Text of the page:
Carol Sorhaindo and I were awarded travel bursaries to present the project at the Arts and Humanities Research Council (AHRC) Cultural Engagement Showcase hosted by University of Liverpool.  This took place on Thursday, 30 January 2014.  As Cultural Partner on the Transportation Transformation: Migration Teleportation and Railway project, it was the first opportunity for Carol to meet with officials and share her thoughts on the project.  We did a collaborative 40 minute presentation as a part of a larger panel.  The project presentation was well received and Carol was exceptional in her contribution as a cultural partner and emerging scholar.

IFRT/FIRT Conference

The first paper on the project, titled Performing Transportation Transformation: Migration, Teleportation, and Railways, was presented at the 2013 FIRT/IFTR International Federation for Theatre Research (http://www.firt2013barcelona.org/) which took place in Barcelona, Spain 22nd – 26th July. This year’s conference theme was Re-Routing Performance and the project’s paper was presented as a part of the Experimental Research Panel. The conference paper used performance as the point of convergence to bring together and exploit three seemingly disparate understandings around the process of journeying, highlighting concepts of and challenges to identity and belonging.

2013 FIRT/IFRT Conference, Barcelona, Spain

It was a pleasure to be a part of the more than eight hundred international delegates gathered researching religion/spirituality, politics, gender, race/ethnicity, war, translation, architecture,  community and family structures, science, history, science, and geography through the lens of theatre and performance.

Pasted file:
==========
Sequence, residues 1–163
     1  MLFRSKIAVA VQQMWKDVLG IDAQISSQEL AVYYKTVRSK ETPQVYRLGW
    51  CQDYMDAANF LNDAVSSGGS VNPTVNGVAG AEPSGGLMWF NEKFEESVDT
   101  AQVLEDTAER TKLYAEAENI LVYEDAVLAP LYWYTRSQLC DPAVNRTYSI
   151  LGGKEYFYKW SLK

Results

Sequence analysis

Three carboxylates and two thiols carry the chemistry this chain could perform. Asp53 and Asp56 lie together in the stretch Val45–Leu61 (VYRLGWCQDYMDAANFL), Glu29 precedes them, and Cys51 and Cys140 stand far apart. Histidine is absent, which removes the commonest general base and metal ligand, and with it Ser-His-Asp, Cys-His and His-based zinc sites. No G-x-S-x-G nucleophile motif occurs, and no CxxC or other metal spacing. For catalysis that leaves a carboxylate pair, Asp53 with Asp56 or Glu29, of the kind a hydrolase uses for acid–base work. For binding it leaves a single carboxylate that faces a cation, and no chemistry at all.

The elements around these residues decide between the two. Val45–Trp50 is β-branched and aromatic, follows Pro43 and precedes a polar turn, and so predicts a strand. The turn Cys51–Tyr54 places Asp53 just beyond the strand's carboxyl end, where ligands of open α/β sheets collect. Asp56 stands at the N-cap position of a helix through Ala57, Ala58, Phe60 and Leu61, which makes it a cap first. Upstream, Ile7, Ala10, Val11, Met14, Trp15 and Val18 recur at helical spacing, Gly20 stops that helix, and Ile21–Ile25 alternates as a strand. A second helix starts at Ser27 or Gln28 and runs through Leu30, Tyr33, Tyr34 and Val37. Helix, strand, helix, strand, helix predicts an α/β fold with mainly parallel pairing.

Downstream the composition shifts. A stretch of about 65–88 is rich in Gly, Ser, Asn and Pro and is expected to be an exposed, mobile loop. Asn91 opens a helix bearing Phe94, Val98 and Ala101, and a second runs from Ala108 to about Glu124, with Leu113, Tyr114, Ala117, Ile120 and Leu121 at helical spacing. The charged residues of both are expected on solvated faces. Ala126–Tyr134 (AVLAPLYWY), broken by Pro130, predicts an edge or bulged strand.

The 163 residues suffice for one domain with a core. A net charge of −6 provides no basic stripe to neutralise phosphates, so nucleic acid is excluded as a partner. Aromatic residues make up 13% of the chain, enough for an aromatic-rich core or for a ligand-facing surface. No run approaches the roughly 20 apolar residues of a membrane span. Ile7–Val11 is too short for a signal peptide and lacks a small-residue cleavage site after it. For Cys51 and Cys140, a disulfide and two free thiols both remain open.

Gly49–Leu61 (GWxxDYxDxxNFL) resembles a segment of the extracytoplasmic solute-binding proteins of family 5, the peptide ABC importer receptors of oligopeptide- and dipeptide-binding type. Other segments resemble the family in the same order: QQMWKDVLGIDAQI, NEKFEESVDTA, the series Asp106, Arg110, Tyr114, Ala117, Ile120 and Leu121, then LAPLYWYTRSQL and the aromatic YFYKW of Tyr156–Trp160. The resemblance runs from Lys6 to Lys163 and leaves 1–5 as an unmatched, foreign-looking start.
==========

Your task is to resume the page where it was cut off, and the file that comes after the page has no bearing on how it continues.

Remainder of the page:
18 June 2013

Since the last post of 30 April 2013, the Project began its second phase with the 23rd May 2013 community engagement and video sharing.   Below Dr Almut Beige and Chapeltown community member in discussion during video showing snack break.

Below, Dr Carol Marie Webster and Chapeltown community member in discussion about visual artist Carol Sorhaindo’s set piece depicting wallpaper that was a popular artefact of mid-twentieth century African Caribbean migration experience in Leeds, UK. 

11th and 12th Weeks Closing Out the 1st Phase

I have spent the past couple of weeks closing out the first phase of the project.  Quite literally this has meant acknowledging the extraordinary contributions of those who agreed to be a part of the project, reviewing the amazing successes, and putting the challenges and short falls into perspective and applying critical rethinking.   In the space that follows I will review briefly some of the visible and not-so-easily-seen contributions.  Whether through collaboration, suggestion, sharing, and /or providing specific services at specific moments this first phase of the project has been graced with exceptional people.  This first group of individuals and organizations are quite special in that they exhibited the greatest degree of trust and foresight and because of them the products of this first phase are marked by excellence.